Fig. 8C illustrates a third step of the mixing process performed using the mixing component, according to one embodiment. As shown in fig. 8C, the sample and lysis buffer are located in the mixing chamber. The air pressure in the sample loading tank was kept constant. The sample inlet, chamber loading channel, and sample outlet channel remain closed such that fluids (e.g., lysis buffer and sample located within the mixing chamber) cannot exit from the mixing chamber. As a result, the sample and lysis buffer remain enclosed within the mixing chamber.
As shown in fig. 8C, the stir bar rotates in response to the coupled rotation of the driver magnet system and the driven magnet system. In some embodiments, rotation of the stir bar is caused by energizing a drive motor operably coupled to the drive magnet system, thereby inducing rotation of the drive magnet system. In turn, the drive magnet system is magnetically coupled to the driven magnet system, so rotation of the drive magnet system induces rotation of the driven magnet system. In addition, both the driver magnet system and the driven magnet system are operably coupled to the stir bar. Thus, in some embodiments, rotation of the drive magnet system and rotation of the driven magnet system induce rotation of the stir bar, as shown in fig. 8C. This rotation of the stir bar mixes the sample with lysis buffer located within the mixing chamber. In embodiments where the sample comprises one or more cells, the mixing of the sample and lysis buffer facilitates lysis of the one or more cells. In further embodiments, a plurality of beads positioned within the mixing chamber further facilitate lysis of the one or more cells.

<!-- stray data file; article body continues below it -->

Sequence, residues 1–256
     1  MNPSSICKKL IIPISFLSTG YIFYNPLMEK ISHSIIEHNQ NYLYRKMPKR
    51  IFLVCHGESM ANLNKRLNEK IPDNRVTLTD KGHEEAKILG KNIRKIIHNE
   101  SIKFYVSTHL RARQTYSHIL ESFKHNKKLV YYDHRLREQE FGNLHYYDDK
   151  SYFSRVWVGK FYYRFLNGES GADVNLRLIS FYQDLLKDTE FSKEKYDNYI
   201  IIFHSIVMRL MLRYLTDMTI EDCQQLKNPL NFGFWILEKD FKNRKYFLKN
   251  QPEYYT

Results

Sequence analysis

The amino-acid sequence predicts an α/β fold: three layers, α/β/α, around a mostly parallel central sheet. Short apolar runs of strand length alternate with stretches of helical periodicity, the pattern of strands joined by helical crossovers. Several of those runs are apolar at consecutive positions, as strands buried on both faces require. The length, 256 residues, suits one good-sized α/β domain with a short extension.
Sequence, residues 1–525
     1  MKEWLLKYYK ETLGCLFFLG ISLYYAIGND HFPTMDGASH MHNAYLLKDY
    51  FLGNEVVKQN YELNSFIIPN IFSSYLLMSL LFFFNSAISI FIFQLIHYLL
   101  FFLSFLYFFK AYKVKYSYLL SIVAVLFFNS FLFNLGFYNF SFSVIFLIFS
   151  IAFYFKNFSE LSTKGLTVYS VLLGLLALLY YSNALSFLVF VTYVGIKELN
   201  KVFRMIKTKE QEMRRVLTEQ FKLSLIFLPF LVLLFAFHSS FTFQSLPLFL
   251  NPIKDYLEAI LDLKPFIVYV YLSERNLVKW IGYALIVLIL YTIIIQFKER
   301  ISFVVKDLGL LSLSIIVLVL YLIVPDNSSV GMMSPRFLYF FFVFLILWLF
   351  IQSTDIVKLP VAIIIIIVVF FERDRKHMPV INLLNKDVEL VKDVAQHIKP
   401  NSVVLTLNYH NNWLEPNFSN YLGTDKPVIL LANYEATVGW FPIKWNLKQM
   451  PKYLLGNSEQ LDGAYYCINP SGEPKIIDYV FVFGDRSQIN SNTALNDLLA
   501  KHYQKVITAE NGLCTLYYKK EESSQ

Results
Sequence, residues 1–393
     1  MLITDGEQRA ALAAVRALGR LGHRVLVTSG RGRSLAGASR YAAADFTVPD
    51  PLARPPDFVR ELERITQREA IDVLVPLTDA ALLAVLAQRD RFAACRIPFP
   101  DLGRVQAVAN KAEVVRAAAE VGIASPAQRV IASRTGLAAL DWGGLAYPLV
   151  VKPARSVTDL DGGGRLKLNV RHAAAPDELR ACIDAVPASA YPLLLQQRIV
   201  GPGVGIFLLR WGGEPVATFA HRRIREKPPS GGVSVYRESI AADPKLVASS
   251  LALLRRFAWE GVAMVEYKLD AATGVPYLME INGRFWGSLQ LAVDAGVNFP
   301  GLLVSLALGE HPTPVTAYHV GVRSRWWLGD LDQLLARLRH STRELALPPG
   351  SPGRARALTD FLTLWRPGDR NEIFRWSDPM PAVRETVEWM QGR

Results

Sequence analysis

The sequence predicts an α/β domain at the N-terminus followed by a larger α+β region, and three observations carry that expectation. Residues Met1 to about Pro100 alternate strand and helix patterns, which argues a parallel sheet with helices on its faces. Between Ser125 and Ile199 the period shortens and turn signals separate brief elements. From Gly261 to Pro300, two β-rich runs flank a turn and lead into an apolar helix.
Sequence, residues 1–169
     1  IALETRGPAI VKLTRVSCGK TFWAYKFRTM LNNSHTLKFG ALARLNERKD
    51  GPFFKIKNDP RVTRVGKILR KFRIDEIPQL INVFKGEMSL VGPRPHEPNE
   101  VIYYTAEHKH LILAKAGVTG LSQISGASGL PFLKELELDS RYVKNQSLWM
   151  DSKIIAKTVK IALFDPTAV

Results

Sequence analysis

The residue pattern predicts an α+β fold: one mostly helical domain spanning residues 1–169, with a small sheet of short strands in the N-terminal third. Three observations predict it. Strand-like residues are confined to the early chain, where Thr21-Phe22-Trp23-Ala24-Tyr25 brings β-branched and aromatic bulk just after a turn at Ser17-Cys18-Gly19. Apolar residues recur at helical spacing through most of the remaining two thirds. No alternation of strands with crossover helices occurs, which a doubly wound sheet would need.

FIG. 8D illustrates a fourth step of the mixing process performed using the mixing component, according to one embodiment. As shown in fig. 8D, the rotation of the stir bar has stopped and the sample and lysis buffer are located in the mixing chamber. In some embodiments, in fig. 8D, the sample comprises a dissolved sample as a result of the mixing shown in fig. 8C.